Retro games have always been a big part of my life, influencing me in the games I play today. That’s part of the reason why I decided to start this retro game review series in the first place, as it gave me a chance to re-explore the intricacies behind these games. Whether we’re talking about side-scrolling space shooters, action platformers or first-person dungeon crawlers, there are an endless amount of genres to choose from.
With so many people becoming consumed in today’s cutting-edge graphics and gameplay, it’s easy to forget about the games that started it all. Some might call them “archaic”, depending upon what generation you’re looking at, but retro games were actually really impressive for their time. Due to console limitations, game developers could only do so much, yet they were able to create titles that paved the way to so much more.
In this series, I’ll be covering both classics and hidden gems that have stood the test of time. Games that may have had their faults but still continue to inspire developers today. I encourage you to explore these games for yourself, whether via console, Virtual Console/XBLA/PSN download or emulator. Game on!
“Daggers and wingboots, mantras
and monsters await you.”
To the people who came up with the tagline for this game: I couldn’t have said it better myself. Regarded as one of the best games in the action role-playing platformer genre, this Nintendo game had everything you could have wanted in a game at that time. Unfortunately, the game was overshadowed by, you guessed it, The Legend of Zelda 2: Link’s Adventure, but that never stopped it from achieving cult status.
Players took the role of a young elf adventurer who has just returned to his homeland only to discover that an evil being known only as the Evil One has corrupted the neighboring dwarves, transforming them into monsters. In order to stop the dwarves from completely destroying their homeland players had to set out, find the source of evil, and defeat it once and for all.
Setting off from your hometown Eolis, players explore a variety of enemy-inhabited landscapes, ranging from vast, maze-like fortresses to misty dwarf-infested ghost towns. Instead of having an over world map, players travel directly through each landscape with little to no backtracking along the way.
After listening to my boyfriend reminisce about the game growing up, I knew I had to try it out for myself. It took awhile until that time actually came — imagine the countless other games I had on my to-do list — but I’m very happy to have taken the jump, despite some frustrations.
Most of those frustrations are pretty typical for games of its time. Faxanadu relied heavily on patterns and repetition. Despite having an experience system it never quite required experience-based skill in the way your typical action-RPG would today. You could literally be playing with your best weapon, armor and magic yet still be hit by the weakest of enemies. It didn’t matter that you had these upgrades, it just mattered that you didn’t get hit – hence the “platformer” genre inclusion.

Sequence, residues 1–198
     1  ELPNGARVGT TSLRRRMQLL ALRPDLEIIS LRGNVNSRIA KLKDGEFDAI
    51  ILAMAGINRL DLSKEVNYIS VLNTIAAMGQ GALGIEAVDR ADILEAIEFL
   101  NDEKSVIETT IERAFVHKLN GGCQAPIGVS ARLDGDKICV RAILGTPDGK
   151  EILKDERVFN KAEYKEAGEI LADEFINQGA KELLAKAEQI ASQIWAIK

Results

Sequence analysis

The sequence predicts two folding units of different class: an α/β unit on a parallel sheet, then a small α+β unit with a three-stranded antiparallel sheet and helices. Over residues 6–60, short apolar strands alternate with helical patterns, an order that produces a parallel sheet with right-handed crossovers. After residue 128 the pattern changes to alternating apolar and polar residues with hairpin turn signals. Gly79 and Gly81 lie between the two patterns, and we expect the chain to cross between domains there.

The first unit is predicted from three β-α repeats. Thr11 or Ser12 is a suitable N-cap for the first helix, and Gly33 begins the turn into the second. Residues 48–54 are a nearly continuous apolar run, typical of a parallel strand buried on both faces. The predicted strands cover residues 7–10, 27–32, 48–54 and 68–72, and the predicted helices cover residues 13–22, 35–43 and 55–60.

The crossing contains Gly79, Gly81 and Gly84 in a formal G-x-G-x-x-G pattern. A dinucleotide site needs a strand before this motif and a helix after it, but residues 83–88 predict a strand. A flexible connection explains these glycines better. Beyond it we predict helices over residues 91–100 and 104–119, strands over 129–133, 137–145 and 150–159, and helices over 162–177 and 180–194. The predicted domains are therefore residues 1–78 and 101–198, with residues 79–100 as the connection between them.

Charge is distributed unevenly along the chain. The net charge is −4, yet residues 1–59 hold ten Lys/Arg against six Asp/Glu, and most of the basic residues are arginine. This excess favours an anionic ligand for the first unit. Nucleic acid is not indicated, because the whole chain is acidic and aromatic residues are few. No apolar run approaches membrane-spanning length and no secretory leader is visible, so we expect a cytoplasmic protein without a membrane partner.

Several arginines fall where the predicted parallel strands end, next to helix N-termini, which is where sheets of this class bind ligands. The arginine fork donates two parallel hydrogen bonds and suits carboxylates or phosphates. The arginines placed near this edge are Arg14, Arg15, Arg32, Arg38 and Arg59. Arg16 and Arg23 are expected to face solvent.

And let me tell you, getting hit by enemies can be a total pain. Take one hit and you could potentially be pushed back to the previous screen. Annoying, yes, but it’s something you quickly learn to accept throughout the game.
One major complaint that’s practically unavoidable is Faxanadu’s password system. While the Japanese version of the game allowed save slots, in the Western version you had to visit a church where you would receive a lengthy password or “mantra” which you would then enter the next time you booted up the game. Many of the letters and numbers look very similar to each other so it’s very easy to screw up and lose your progress. This happened to me a couple times already, luckily earlier in the game. It’s definitely safer to save your old passwords and reload at an earlier time than having to start back from the beginning.
Faxanadu is a bit more forgiving than other games in the genre, mind you. Here, you can buy potions, which you could use at any time in the game. In addition, your trusty Long Sword, which you can purchase early on, made hitting enemies from a distance far easier than using your Dagger – kudos to anyone who can play through this game with that weapon alone. Faxanadu certainly isn’t an easy game, but it offers just enough challenge and forgiveness for it to be a consistently enjoyable one.
One interesting feature this game offered was its experience system. By accumulating experience you could potentially upgrade your title rank at any of the churches. Once you received a new rank you would always have it, unless you lost your save state, and would then always receive a predetermined amount of Gould when booting up the game. This definitely came in handy when low on money and needed to purchase something before setting off into the unknown.
The world itself is something worth mentioning as well. While it might not seem so at first, Faxanadu’s graphics were intricately detailed and well portrays the overall atmosphere of the game. In conjunction with the game’s timeless music, Faxanadu is really something to behold.
It’s no surprise Faxanadu is such a well-regarded game. I haven’t beaten it yet, but I can’t help but think about the items, enemies and environments still in store. The experience is sometimes frustrating, but consistently enjoyable if you’re willing to take the jump.